When was the last time Cardinal Mahony called for Angelenos to have more babies and larger families? (I hope somebody can tell me it was recently!)

May 9, 2006

Immigration and the Culture of Death

Nature abhors a vacuum. That is the lesson totally missed by the anti-lifers, the population controllers and all those who swallow their death-dealing lies.

Hindsight is 20/20. We can see now -- at least, everyone not still blinded by the anti-human, inhuman ideology of the Culture of Death can see now -- that when people cease having babies, they create a huge and irreparable vacuum in society.

People should have anticipated a negative effect, or two, or three, to say the least, from aborting 45 million of our babies, contracepting to death tens of millions more of our babies (yes, the Pill and other forms of contraception can and do act as abortion agents, killing already conceived babies), and sterilizing ourselves by the tens of millions.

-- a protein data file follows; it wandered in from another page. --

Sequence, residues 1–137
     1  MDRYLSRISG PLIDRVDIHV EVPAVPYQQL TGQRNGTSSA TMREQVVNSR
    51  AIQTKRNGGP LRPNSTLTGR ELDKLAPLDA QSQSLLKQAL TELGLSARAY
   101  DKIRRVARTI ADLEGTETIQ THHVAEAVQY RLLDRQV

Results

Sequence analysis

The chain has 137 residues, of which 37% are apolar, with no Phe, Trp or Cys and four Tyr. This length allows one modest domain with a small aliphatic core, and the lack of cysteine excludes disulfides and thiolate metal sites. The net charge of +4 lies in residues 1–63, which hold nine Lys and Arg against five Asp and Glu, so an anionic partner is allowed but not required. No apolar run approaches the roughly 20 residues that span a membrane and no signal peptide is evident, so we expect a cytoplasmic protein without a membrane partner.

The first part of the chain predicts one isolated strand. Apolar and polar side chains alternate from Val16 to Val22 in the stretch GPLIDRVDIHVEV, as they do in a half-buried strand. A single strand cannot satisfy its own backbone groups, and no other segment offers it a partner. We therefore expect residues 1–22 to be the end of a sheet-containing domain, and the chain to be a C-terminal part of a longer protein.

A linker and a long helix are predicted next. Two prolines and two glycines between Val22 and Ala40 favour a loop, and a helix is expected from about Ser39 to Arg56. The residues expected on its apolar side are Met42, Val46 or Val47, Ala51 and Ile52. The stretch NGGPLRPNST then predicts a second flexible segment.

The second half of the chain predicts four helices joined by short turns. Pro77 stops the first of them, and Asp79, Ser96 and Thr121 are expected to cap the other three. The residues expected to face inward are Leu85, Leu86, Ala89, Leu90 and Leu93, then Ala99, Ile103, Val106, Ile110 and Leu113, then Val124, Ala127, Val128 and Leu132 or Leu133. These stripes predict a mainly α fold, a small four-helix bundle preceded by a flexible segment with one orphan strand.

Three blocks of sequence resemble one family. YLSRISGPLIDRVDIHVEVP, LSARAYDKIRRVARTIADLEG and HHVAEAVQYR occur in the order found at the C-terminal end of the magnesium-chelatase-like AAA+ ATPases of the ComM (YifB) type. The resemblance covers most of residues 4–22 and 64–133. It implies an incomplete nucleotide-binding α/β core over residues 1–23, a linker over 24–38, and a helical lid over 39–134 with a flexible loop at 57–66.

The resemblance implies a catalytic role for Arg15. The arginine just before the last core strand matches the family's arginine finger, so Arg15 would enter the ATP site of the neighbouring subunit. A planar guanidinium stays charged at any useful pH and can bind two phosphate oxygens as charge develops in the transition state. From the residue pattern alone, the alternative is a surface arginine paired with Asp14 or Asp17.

One negative effect clearly is that we do not have enough people anymore. Our fellow Catholics who are over 50 tell us that at Sunday Mass in their childhood, our churches were always filled -- that virtually every family had four children or more, and that more than a few families took up an entire pew, what with Mom and Dad and seven or eight kids sitting there.

Empty seats are a feature in every sector in the USA today, not just in our churches: the labor force, consumers, you name it. Even our playgrounds are empty, God forgive us.

So it is no wonder that people from all over the world want to enter our country and are doing so. We have created a lot of room for them. They are filling up our vacuum. Who can blame them! -- although naturally it would be nice if they would all come here legally.

Yes, of course there has always been immigration in our history, but only in the last several decades has it been in the context of our child-killing by the tens of millions and by a consequent severe drop in our "native" population growth to below replacement level.